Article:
A lawyer who met with the suspect in the D.C. mansion murders in jail today said Daron Wint is a "gentle person" who wouldn't kill anybody and who feels the pain the surviving family members must feel because he has a family of his own.
"I have completed 30,000 cases in the Maryland courts and I've met a lot of criminals and of course people who aren't criminals in my life," Robin Ficker said. "I do not believe and his parents, his mother, his brother, his sister, as I don't believe that he is capable of killing anybody. He's not the type, he's not a street thug, he's a gentle person. I believed that when I represented him 10 years ago and I believe it after talking to him for two hours today."
Ficker told ABC News he believes the police have "blinders on" when it comes to the 34-year-old accused of quadruple homicide and arson.
"They believe, perhaps honestly," he said, "that they have the man -- but as a result of that they're not looking elsewhere. They've closed their eyes."
More than two weeks into the investigation of the D.C. mansion murders, in which four people were killed, Wint is still the only suspect. He is in custody and being held without bail. He was arrested after authorities found his DNA on the remains of pizza left behind at the crime scene.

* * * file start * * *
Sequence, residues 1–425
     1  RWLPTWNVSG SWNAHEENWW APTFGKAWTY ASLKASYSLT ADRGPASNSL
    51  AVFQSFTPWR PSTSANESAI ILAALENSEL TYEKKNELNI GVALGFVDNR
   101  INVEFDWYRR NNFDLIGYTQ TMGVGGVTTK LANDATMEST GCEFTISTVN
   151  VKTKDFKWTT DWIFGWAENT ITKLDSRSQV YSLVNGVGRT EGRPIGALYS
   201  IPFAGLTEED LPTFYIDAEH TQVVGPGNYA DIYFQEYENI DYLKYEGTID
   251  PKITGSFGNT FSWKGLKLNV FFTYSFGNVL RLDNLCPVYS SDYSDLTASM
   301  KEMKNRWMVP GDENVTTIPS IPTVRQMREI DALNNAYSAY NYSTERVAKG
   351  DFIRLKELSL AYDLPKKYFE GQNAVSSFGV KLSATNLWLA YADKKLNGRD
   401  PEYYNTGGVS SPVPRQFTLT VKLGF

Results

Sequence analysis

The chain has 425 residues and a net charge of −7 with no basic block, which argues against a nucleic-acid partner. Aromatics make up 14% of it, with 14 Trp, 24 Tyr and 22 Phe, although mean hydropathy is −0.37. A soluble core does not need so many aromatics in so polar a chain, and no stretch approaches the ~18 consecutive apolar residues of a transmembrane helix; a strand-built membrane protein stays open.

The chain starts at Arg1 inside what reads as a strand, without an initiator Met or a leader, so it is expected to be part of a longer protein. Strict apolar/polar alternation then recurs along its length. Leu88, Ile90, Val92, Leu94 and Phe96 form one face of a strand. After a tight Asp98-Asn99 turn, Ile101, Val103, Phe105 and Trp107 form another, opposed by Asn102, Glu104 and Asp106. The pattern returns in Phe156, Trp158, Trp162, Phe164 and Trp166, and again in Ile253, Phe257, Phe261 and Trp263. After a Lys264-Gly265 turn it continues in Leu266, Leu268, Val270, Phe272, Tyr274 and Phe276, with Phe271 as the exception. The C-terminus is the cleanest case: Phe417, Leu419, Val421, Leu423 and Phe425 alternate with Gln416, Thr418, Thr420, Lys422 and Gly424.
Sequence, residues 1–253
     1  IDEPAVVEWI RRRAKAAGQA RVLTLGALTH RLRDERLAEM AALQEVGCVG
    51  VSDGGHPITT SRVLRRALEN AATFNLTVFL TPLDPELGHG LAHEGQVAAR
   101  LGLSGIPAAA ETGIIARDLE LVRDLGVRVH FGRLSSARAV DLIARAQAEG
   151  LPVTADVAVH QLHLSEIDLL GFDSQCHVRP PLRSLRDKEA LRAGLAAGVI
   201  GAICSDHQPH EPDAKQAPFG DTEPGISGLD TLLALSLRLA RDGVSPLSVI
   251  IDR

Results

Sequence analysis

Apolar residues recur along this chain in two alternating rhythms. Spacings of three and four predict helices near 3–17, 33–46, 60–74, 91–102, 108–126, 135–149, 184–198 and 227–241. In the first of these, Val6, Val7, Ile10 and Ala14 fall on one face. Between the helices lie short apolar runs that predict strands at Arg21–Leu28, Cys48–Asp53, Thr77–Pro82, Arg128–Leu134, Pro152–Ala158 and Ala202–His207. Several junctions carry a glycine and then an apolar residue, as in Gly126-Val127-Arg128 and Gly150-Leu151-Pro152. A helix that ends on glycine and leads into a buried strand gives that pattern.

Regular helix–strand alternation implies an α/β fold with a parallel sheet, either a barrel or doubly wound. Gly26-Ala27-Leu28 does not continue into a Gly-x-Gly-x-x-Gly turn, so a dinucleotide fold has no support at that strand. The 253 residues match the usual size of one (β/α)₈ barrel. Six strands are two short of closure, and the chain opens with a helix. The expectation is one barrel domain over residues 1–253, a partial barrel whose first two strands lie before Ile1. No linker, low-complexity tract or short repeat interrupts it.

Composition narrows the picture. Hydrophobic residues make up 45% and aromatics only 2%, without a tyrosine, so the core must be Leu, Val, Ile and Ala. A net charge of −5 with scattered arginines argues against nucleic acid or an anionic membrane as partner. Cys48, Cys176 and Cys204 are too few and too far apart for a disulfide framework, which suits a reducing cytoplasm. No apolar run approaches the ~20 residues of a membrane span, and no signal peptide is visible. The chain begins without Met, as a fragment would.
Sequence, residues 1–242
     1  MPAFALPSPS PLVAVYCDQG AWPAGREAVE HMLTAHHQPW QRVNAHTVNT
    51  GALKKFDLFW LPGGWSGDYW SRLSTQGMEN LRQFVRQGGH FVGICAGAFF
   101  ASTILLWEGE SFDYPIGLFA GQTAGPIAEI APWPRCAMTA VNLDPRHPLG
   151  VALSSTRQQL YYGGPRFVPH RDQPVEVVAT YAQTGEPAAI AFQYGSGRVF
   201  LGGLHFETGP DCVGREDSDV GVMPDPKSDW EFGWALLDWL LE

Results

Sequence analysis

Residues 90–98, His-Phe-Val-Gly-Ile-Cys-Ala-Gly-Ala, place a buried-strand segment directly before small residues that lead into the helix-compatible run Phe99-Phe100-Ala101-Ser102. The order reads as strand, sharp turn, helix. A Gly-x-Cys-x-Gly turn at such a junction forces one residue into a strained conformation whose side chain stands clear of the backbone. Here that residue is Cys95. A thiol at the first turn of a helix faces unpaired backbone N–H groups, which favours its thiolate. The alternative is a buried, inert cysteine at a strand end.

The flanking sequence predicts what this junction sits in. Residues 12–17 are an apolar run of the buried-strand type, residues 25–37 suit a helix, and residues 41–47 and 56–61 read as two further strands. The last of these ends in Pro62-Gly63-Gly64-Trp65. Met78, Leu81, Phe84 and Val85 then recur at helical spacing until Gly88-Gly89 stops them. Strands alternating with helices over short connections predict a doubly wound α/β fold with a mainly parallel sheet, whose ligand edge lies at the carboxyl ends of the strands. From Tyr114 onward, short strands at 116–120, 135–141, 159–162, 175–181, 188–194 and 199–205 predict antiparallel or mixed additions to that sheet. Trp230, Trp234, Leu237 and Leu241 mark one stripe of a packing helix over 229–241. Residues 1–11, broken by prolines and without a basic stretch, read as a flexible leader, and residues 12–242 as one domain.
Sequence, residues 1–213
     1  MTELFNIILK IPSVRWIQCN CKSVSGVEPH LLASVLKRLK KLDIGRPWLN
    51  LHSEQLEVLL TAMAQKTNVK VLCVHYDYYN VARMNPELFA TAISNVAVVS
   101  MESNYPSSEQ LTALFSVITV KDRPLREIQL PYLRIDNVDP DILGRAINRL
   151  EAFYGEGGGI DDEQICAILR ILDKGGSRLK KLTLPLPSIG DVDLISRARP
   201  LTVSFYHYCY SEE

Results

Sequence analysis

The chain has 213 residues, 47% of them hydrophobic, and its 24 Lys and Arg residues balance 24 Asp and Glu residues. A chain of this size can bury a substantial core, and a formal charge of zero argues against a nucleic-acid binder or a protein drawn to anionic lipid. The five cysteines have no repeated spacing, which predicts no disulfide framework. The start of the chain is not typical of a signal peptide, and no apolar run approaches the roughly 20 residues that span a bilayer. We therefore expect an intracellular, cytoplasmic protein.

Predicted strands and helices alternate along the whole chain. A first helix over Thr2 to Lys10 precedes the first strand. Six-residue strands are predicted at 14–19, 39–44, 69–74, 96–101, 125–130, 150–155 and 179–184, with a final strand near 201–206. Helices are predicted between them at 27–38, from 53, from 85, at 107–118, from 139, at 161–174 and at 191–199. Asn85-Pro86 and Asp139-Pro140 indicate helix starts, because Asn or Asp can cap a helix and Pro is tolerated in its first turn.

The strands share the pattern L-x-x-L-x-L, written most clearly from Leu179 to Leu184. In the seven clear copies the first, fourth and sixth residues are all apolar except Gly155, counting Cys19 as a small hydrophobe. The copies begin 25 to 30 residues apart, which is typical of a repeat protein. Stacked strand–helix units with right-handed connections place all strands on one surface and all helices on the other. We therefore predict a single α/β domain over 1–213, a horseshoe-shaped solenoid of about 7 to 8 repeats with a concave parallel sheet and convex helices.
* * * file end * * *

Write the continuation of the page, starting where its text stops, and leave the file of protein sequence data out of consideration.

There's just one problem with that, according to Ficker.
"He doesn't eat pizza," Ficker said. "If he was hungry, he wouldn't order pizza."
Wint is accused of terrorizing and killing American Iron Works CEO Savvas Savopoulos, his wife, Amy Savopoulos, their 10-year-old son, Philip Savopoulos, and the family's housekeeper, Vera Figueroa.
The three Savopoulos family members killed will be laid to rest Monday. Two daughters in the family were away at boarding school at the time of the killings and survived.
Though Ficker met with Wint at jail today and has represented the former Marine recruit in past, unrelated cases, he has not yet been fully hired and has not signed a contract with the family -- though he may.
He told ABC News that Wint's mother is devastated and in disbelief.
"She's distraught," said Ficker. "She can't believe he would have done anything like this at all."
"He is not capable of lifting his hand with a knife and sticking it repeatedly in another person," he added.
Investigators are now poring over massive amounts of evidence, which includes two vehicles removed from the Savopoulos home Friday.
There are also unresolved questions about the $40,000 in cash delivered to the Savopoulos home before it was set ablaze.
According to a criminal complaint, an employee referred to as "W-1," Savopoulos' driver tasked with handling "daily assignments" for him, made the money drop.
W-1 initially told police Savopoulos called him to deliver a package the day of the fire, but later said Savopoulos sent him those instructions by text the day before.
Police say W-1 "admitted that [he] lied" when he told police the car where the money was to be dropped was locked.
W-1 has not been arrested and has not been charged with any crime.
Wint, who is due in court on June 22, remains the only named suspect, despite police saying they believe the killings "required the presence and assistance of more than one person."